Turkey and Armenia are likely to announce a deal soon aimed at easing their conflict, diplomats said Friday in a development that would sweeten President Obama's visit to Turkey next week.
The two countries are expected this month to announce an agreement to resume official contacts and reopen borders that have been closed since 1993, said the diplomats, who spoke on condition of anonymity, citing the sensitivity of the subject.
The likelihood of a breakthrough would allow the president to praise progress toward reconciliation as he stops in Ankara, the Turkish capital, and Istanbul on a two-day visit aimed at strengthening ties to an ally the U.S. needs for help in Iraq, Afghanistan and elsewhere.
But a deal between Armenia and Turkey could spell disappointment for Armenian Americans who want Obama to fulfill his campaign pledge to declare that the mass killing of Armenians by Ottoman Turks beginning in 1915 was a genocide.
With substantial progress toward rapprochement, Obama is likely to postpone a genocide declaration in a presidential proclamation April 24, the annual remembrance day. The White House is expected to argue that under the circumstances, the use of the term "genocide" in the proclamation would anger Turkey and threaten the talks.
Ankara contends that the deaths were the result of war, not planned genocide.
In London, Turkish Prime Minister Recep Tayyip Erdogan on Friday acknowledged that his country is headed toward better relations with Armenia.
"We have taken steps toward such a decision," he said at a news conference. "We have made ourselves ready."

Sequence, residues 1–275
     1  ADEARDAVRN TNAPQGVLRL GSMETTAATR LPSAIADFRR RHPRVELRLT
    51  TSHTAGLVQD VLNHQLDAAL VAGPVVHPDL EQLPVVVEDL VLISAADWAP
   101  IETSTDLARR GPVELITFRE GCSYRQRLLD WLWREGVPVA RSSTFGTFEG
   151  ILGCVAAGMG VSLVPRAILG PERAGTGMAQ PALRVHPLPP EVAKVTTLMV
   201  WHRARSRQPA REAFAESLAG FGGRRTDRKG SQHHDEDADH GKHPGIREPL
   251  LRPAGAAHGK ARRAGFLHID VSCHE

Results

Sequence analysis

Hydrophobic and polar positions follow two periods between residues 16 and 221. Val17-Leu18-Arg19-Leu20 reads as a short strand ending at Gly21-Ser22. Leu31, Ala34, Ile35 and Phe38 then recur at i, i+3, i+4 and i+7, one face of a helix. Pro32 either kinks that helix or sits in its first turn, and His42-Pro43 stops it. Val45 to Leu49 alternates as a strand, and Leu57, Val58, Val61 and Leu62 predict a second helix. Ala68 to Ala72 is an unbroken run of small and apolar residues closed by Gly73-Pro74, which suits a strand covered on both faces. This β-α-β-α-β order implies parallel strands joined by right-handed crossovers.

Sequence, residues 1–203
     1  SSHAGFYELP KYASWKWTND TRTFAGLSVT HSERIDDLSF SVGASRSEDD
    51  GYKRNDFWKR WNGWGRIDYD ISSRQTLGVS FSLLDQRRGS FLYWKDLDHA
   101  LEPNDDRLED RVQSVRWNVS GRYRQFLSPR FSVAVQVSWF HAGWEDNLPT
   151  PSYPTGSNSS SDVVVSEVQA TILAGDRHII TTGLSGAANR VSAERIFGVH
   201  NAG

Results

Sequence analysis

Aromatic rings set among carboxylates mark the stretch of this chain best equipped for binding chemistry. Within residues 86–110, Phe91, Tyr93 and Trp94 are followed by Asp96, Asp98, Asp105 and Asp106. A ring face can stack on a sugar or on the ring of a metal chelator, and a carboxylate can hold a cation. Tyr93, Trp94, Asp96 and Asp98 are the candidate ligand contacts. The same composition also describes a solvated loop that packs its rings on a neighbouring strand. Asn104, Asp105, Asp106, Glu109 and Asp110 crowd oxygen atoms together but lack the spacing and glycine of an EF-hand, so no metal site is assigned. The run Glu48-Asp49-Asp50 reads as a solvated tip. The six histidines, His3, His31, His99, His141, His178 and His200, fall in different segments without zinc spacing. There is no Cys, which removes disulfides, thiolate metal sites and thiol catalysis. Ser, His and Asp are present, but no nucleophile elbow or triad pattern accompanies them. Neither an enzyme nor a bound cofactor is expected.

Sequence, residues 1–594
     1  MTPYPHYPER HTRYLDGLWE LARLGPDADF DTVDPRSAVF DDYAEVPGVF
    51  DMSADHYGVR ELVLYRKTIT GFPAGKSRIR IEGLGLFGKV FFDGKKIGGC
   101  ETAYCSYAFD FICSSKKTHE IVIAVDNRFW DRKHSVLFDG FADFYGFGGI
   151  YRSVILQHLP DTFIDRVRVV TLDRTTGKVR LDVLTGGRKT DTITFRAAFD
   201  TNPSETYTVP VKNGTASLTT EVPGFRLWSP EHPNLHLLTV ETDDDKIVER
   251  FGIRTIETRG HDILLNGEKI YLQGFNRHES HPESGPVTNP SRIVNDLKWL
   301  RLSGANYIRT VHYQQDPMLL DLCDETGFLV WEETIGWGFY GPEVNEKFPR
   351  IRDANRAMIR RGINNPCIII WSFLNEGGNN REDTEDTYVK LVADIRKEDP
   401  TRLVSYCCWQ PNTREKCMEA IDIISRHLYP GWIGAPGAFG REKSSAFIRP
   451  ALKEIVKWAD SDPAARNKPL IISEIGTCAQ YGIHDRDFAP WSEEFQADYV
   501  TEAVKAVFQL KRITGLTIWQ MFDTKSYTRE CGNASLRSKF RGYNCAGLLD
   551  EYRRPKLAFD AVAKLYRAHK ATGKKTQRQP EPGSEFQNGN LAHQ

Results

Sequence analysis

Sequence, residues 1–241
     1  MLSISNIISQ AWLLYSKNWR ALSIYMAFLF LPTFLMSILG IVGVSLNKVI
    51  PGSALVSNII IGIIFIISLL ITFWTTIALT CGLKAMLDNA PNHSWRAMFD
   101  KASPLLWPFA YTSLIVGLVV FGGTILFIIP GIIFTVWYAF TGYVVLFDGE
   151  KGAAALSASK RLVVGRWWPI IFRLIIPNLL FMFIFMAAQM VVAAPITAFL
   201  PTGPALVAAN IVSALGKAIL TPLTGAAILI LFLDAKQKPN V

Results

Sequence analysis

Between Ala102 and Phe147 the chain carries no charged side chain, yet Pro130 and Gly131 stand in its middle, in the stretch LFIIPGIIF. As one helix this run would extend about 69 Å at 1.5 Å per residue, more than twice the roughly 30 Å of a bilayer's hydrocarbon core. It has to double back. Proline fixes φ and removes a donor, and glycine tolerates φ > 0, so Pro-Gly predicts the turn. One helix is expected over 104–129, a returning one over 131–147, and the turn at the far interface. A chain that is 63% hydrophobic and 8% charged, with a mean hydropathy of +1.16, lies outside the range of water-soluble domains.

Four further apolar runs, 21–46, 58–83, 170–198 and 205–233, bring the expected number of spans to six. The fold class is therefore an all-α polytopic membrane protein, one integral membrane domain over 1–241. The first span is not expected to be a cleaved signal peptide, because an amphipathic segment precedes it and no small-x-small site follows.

To show its goodwill toward the U.S., Turkey has deployed ships to fight piracy off Somalia and promised further help in Iraq and Afghanistan. And Turkey's government radio and television service this week began Armenian-language radio broadcasts.
However, Erdogan was adamant that the deaths nearly a century ago were not the result of genocide.
Talks between the two countries intensified last fall after President Abdullah Gul became the first Turkish leader to visit Armenia.
Diplomats said the announcement could come before Obama's visit to Turkey on Monday, or else on April 16, when the Turkish foreign minister is scheduled to visit Yerevan, the Armenian capital, for a regional meeting.
Mark Parris, a former U.S. ambassador to Turkey, said an announcement April 16 would be "almost as good" for Obama if he is looking for a way to justify the politically difficult decision to postpone a genocide declaration.
Soner Cagaptay, a senior fellow at the Washington Institute for Near East Policy, said it would be difficult for Obama to label the mass killing a genocide after visiting Turkey for two days to strengthen bilateral ties. "It would be like saying 'I love you,' and then, a day later, saying 'I don't like you.' "
Obama administration officials have said in response to questions about their plans on the genocide resolution that their focus is on helping improve relations between Turkey and Armenia. A White House spokesman said Friday that he had no information on an impending deal.
Times staff writer Laura King in Istanbul contributed to this report.